Oh wait, who is Leigh Statham? *smacks forehead*.  Yes, well, I suppose it would be polite to introduce you to the author, duh.

ABOUT LEIGH STATHAM:

Leigh Statham was raised in the wilds of rural Idaho, but found her heart in New York City. She worked as a waitress, maid, artist, math teacher, nurse, web designer, art director, thirty-foot inflatable pig and mule wrangler before she settled down in the semi-quiet role of wife, mother and writer. She resides in North Carolina with her husband, four children, five chickens and two suspected serial killer cats. If the air is cool and the sun is just coming up over the horizon, you can find her running the streets of her small town, plotting her next novel with the sort of intensity that will one day get her hit by a car.

Connect with the Author: Website |Twitter Facebook | Goodreads

Giveaway Information!!!

Oh, and I forgot to tell you! There’s a Giveaway involved in all this birthday celebration.  Yes, you have the chance to win your very own copy of this awesome book.

Winner will be drawn April 13, 2015

·        Three (3) winners will receive a physical copy of The Perilous Journey of the Not-So-Innocuous Girl by Leigh Statham (INT)

·        Three (3) winners will receive a digital copy of The Perilous Journey of the Not-So-Innocuous Girl by Leigh Statham (INT)

How do you enter?  Just follow the Rafflecopter Link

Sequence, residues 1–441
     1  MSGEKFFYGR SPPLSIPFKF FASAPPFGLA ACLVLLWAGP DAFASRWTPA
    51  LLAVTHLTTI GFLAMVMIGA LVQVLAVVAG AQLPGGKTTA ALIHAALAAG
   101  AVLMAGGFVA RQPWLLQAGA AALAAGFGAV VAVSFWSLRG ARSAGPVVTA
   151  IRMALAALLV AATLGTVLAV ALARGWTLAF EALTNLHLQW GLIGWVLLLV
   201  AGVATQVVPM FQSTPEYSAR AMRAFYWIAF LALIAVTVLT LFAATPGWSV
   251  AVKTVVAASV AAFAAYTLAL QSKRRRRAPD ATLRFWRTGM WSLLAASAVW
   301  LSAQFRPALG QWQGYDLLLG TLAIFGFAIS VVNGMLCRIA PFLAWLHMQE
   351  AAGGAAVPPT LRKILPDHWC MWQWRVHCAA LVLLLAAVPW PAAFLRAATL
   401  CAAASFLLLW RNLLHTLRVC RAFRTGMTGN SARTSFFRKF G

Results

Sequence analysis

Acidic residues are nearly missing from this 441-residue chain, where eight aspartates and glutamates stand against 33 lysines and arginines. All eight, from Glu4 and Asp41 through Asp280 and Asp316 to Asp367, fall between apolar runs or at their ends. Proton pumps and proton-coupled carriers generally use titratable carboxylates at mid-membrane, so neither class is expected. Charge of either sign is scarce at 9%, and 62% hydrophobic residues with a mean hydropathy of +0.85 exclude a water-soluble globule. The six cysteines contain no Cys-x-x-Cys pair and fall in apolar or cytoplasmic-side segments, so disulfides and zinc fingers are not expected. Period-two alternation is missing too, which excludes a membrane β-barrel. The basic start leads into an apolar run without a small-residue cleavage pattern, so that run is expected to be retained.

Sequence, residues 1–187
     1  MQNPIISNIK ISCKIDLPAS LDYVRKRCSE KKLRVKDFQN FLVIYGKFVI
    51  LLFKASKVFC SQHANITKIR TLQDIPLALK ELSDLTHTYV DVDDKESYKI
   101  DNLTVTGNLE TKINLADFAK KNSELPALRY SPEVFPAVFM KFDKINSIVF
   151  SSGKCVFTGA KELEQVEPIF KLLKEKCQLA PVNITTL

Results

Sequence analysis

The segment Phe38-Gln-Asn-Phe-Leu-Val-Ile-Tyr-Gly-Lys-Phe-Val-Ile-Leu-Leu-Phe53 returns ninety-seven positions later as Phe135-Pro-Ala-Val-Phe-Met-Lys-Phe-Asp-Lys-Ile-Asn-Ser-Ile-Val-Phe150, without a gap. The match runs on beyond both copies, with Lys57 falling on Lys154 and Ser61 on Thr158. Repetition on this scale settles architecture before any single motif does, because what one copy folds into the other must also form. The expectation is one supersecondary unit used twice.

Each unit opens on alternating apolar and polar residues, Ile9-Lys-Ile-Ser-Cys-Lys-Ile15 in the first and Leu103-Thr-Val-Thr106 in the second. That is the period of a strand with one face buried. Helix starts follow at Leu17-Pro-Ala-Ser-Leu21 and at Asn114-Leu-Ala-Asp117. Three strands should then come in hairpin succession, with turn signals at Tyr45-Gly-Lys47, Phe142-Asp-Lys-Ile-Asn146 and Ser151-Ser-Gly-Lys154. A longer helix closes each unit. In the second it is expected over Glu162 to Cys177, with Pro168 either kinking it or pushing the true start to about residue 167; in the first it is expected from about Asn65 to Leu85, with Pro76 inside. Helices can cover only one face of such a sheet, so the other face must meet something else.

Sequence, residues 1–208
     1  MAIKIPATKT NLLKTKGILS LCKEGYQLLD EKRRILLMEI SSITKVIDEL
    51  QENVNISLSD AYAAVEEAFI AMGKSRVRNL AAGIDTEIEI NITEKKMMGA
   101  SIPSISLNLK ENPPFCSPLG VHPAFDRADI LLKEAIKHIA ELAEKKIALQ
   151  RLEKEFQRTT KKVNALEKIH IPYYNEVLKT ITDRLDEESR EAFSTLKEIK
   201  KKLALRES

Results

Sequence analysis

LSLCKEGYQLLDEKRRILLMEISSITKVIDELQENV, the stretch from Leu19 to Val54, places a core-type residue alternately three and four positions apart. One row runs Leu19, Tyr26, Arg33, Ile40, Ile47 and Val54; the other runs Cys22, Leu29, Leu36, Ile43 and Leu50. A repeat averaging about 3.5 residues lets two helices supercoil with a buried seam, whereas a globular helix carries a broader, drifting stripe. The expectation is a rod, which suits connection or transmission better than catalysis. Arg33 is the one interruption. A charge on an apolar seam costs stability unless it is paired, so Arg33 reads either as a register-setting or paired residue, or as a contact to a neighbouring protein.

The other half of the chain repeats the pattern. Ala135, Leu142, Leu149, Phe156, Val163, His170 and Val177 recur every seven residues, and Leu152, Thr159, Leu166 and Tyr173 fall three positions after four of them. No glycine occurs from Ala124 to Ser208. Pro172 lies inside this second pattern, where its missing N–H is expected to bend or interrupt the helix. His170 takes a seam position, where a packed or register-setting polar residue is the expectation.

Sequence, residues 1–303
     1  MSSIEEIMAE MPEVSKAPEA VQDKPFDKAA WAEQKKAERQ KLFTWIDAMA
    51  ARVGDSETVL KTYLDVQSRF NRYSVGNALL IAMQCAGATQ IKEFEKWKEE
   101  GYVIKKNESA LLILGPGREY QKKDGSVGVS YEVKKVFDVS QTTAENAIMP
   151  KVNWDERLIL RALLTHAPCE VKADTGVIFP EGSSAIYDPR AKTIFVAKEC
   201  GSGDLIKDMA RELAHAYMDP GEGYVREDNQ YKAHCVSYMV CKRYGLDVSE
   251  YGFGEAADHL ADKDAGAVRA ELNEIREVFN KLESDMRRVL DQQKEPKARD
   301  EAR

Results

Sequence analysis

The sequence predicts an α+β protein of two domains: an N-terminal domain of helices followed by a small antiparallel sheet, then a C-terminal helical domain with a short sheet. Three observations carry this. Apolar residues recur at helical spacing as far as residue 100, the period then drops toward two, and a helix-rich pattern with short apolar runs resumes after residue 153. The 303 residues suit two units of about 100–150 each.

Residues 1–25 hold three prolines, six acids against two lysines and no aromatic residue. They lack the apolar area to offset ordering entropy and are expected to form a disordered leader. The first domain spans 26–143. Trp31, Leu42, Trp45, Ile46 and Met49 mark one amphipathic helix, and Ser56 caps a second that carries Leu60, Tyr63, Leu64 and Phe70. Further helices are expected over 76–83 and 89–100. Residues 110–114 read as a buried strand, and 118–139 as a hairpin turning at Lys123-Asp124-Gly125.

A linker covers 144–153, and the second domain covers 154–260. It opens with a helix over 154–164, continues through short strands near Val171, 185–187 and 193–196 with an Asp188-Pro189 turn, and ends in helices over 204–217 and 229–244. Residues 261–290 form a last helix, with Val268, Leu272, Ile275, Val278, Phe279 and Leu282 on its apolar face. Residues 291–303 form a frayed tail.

Of course, if you can’t wait and you have to have your copy now, that’s okay, too.  There are all kinds of Purchase Links:

Chapters Indigo | Amazon | Barnes & Noble | Kobo | TBD |

Last but not least, head over to Leigh’s social media site and wish her and her novel a happy book birthday. She’d love to hear from you, and please, after reading her book, leave a review. It can be anonymous if you’re worried about seeing your name out there, but reviews help to spread the word and get other people to love the book as much as you did/do.  Show your author and book love with a review.

The Actuator 1.5: Borderlands Anthology – A delightful Fantasy/Sci-Fi Read


borderlands cover I was approached recently by Curiosity Quills Press to see if I would like to review a copy of The Actuator 1.5: Borderlands Anthology in exchange for an honest review.

I’m not a huge fan of science fiction, but I do love fantasy and this anthology promised to deliver a little bit of both, so I thought, what the heck and asked for them to send it on.   I’m glad I did as all the stories are really good and there is something between these covers for all sci-fi/fantasy fans.  Here’s a bit about the book:

The Actuator 1.5: Borderlands Anthology

Genre(s): Anthology, Action & Adventure, Alternative History, Cyberpunk, Dark Fantasy, Fairy Tales & Myths, Fantasy, Horror, Paranormal, Science Fiction, Steampunk

Publisher: Curiosity Quills Press

Date of Publication: September 11, 2014

Cover Artist: Michelle Johnson at Blue Sky Design

Description: When the Actuator breaks the earth into a patchwork of altered realities, the remaining Machine Monks begin looking for the Keys to put it back. In the meantime, everyone in the world has been transformed without knowing why. This collection tells about some of the people struggling to deal with the change.  Read more here.

MY REVIEW